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possessed them had discarded them, partly because they were useless in already rain-filled foxholes.
       
    These facts were corroborated in an afteraction report for the month of November by the surgeon of the XIII Corps, who summed up the reasons for the high incidence of trenchfoot in the 84th Division, as follows:
       
    An inexperienced division was engaged in combat for 8 days under the most adverse conditions of weather and terrain. Combat was intense, and some elements were pinned down by enemy fire for as long as 12 hours at a time. Overshoes were not available in large sizes for several days after the battle began, and all troops had not been equipped with their full allowance of socks. The principal causes for these trenchfoot casualties, in addition to extremely unfavorable weather and terrain and lack of equipment for winter operations, were listed as (1) failure to relieve troops at frequent intervals, (2) failure to provide areas for changing and drying wet clothes and footgear, and (3) failure of some troops to carry out the foot hygiene which they had been taught.
 
Preventive Measures
 
    Even before the conference on trenchfoot was held, the commanding general of the 84th Infantry Division had reacted to the dangerous situation and had been fully supported in his plans by the commander of the XIII Corps. After 22 November, it became division policy to rotate a battalion at a time out of the line, for 2 or 3 days of rest in billets in which hot showers were avail able. On 23 November, each regiment established a center with facilities for rest and rehabilitation from combat exhaustion. These centers also served as rotation points for combat soldiers to dry themselves out and to obtain changes of socks and of other clothing. By 24 November, enough heavy socks and overshoes were available to equip the entire division. On the same day, a daily sock exchange was instituted. Dry socks were to be brought forward with the rations, and the sodden socks worn by combat soldiers were to be exchanged for them. In practice, this arrangement worked out somewhat less satisfactorily than it sounds, partly because of frequent failures to turn in worn socks and partly because proper sizes were often not available in the socks brought up for replacement.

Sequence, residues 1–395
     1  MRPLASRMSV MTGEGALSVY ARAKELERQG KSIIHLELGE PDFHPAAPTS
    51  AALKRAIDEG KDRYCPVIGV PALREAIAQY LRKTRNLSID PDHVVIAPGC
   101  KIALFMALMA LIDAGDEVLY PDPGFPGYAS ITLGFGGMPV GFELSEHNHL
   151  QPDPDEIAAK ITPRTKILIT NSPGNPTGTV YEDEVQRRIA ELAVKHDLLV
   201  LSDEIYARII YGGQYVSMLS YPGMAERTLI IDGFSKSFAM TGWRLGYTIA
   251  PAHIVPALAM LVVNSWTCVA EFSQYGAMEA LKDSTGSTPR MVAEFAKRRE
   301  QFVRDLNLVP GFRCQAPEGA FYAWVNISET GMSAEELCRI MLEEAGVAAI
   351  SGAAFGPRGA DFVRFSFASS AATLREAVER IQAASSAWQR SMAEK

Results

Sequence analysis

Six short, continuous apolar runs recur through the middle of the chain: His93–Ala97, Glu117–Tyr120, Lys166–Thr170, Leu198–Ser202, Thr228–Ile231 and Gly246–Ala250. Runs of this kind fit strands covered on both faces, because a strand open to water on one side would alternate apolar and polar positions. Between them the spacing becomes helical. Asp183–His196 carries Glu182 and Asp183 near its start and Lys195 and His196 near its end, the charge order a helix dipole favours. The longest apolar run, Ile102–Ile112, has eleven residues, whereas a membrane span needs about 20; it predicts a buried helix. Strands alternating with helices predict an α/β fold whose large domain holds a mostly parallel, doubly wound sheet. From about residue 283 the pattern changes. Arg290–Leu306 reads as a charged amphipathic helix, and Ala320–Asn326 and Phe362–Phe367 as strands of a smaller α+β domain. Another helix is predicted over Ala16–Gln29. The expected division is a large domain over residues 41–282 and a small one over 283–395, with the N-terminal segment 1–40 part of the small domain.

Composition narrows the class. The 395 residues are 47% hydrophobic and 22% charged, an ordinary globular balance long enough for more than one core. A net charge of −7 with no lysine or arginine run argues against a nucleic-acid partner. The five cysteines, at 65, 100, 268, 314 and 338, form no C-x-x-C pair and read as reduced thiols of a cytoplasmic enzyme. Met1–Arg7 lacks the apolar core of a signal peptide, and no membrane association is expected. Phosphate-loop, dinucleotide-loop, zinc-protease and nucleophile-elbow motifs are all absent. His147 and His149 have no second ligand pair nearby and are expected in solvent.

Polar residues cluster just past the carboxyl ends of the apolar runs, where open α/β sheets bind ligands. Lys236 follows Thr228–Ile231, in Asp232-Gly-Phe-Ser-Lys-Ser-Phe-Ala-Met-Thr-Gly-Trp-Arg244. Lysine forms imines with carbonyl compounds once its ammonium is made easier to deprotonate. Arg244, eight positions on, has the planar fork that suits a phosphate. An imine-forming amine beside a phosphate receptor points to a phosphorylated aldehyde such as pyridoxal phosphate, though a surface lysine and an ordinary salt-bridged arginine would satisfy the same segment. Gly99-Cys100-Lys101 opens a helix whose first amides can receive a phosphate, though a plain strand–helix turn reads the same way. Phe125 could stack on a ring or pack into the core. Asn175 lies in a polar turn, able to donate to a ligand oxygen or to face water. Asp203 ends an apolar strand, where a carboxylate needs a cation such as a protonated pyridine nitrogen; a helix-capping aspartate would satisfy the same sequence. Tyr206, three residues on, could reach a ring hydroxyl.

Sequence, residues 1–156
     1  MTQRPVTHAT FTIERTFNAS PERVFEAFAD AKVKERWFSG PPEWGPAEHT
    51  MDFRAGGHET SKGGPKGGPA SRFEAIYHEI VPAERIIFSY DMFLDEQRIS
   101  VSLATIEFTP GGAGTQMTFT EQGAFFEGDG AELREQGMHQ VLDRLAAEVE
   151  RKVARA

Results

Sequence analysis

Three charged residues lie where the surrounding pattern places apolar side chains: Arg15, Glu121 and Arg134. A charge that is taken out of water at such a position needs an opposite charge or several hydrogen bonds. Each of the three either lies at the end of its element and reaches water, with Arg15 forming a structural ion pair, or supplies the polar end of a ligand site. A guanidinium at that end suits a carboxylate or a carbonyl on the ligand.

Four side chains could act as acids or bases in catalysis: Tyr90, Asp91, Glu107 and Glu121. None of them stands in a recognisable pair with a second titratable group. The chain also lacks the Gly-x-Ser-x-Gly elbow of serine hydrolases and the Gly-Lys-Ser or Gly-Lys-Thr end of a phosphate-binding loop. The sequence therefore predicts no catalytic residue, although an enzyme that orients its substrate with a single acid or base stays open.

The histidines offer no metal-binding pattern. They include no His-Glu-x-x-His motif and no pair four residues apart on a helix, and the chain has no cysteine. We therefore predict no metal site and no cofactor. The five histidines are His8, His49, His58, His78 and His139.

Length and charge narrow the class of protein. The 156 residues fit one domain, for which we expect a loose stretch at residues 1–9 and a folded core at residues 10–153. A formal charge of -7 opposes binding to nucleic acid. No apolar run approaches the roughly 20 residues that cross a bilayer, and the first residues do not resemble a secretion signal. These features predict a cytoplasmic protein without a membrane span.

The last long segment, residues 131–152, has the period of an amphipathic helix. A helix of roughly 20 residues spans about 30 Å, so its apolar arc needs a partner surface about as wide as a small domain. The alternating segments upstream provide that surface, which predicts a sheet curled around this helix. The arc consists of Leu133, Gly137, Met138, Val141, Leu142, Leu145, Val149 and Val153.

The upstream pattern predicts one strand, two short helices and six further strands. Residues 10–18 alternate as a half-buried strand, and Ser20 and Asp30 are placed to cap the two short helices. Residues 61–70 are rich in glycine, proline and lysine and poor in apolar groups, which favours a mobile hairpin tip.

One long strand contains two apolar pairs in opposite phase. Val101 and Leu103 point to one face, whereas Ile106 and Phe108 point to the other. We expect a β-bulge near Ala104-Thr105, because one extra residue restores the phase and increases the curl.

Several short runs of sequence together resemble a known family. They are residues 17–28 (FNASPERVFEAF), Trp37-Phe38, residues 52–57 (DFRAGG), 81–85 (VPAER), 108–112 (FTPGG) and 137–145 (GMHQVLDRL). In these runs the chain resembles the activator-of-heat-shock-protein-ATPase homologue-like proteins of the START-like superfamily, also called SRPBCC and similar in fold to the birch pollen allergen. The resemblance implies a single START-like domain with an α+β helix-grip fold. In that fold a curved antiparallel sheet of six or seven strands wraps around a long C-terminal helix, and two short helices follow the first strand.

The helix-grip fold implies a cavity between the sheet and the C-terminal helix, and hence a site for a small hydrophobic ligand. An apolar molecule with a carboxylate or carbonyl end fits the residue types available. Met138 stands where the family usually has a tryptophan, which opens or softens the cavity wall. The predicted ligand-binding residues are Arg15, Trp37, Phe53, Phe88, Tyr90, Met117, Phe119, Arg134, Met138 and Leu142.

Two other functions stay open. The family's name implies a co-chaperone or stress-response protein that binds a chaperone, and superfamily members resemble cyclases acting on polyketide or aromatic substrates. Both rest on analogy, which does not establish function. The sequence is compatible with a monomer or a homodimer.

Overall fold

On 29 November, the commanding general of the 84th Division issued a memorandum to all unit commanders in which he specifically put the responsibility for the control of trenchfoot upon commanders of all echelons. It was made clear that a high incidence of trenchfoot in any unit would be regarded as an indication of command failure in that unit. All officers were instructed to institute daily foot inspections immediately. Command responsibility was interpreted to mean that the inspections would be held not only by commissioned officers but also by noncommissioned officers of platoons and squads; it was desired that these men should realize that the prevention of trenchfoot was quite as much their responsibility as it was the responsibility of commissioned officers.